Dec 12, 2011

What Happens If The Disability Trust Fund Runs Out Of Money?

     Most people think there is only one Social Security trust fund but there are two. The one most people don't know about is the Disability Insurance Trust Fund. It has much more immediate problems than the Retirement and Survivor's Insurance Trust Fund. The Disability Insurance Trust Fund is predicted to run out of money in 2018. Restoring the Disability Trust Fund to health isn't that big a deal.A small reallocation of the FICA tax would do it with little effect upon the Retirement and Survivor's Insurance Trust Fund. You may have noticed, however, that Republicans have been taking hostages lately, refusing to agree to routine measures that prevent catastrophes, in order to achieve leverage. This tactic may have run its course as the public is tiring of crises and Democrats seem willing to practice brinksmanship themselves. Still, there is a very real threat that Republicans will attempt to use the problems of the Disability Insurance Trust Fund to force dramatic changes in Social Security's disability programs.
     It's impossible now to predict whether there will be a crisis in a few years or what the Republican demands or Democratic response might be. It may be worth looking though at the question of exactly what looms if there is no agreement. My first thought was that there won't be a crisis because there is already authority for borrowing between the Trust Funds. Unfortunately, my memory failed me. There was such authority at one time but it expired in 1987. Let's hope this authority can be quietly renewed before 2018. My second thought is to wonder just how benefits might be paid if the Disability Insurance Trust Fund runs out of money because the exhaustion of the Disability Trust Fund does not mean that there will be no money to pay benefits. Actually, there will be enough money to pay about 84% of the benefits since there will still be revenue coming into the Disability Insurance Trust Fund, allowing some benefits to be paid out of the revenue stream. Would Social Security just reduce each month's check by 16%? Probably, but a Congressional Research Service study on the subject tells us that the Disability Trust Fund running out of money would be terra incognita. There is no clear statutory answer. Perhaps, the answer would be to delay each month's checks until sufficient funds are available to cover them, making each check later and later.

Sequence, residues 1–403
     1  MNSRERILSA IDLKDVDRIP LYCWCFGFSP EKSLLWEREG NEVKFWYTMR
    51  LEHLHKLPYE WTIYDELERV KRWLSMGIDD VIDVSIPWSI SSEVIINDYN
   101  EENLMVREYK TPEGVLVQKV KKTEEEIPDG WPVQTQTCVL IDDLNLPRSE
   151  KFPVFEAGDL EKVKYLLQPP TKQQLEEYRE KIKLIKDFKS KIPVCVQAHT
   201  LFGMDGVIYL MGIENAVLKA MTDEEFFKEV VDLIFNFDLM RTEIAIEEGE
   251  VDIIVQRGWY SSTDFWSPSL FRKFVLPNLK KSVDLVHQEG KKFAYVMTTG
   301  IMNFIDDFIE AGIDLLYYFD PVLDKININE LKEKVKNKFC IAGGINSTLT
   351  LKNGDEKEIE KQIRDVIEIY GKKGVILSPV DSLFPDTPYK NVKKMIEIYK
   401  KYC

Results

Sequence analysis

Anonymous said...

how about just performing disability reviews until we have reduced the rolls by least then we would be closer to paying only those who are actually disabled.

Or, do away with child SSI...exactly what is the purpose of this program anyway?

Don Levit said...

The only real money that the Disability trust fund has is the new money coming in.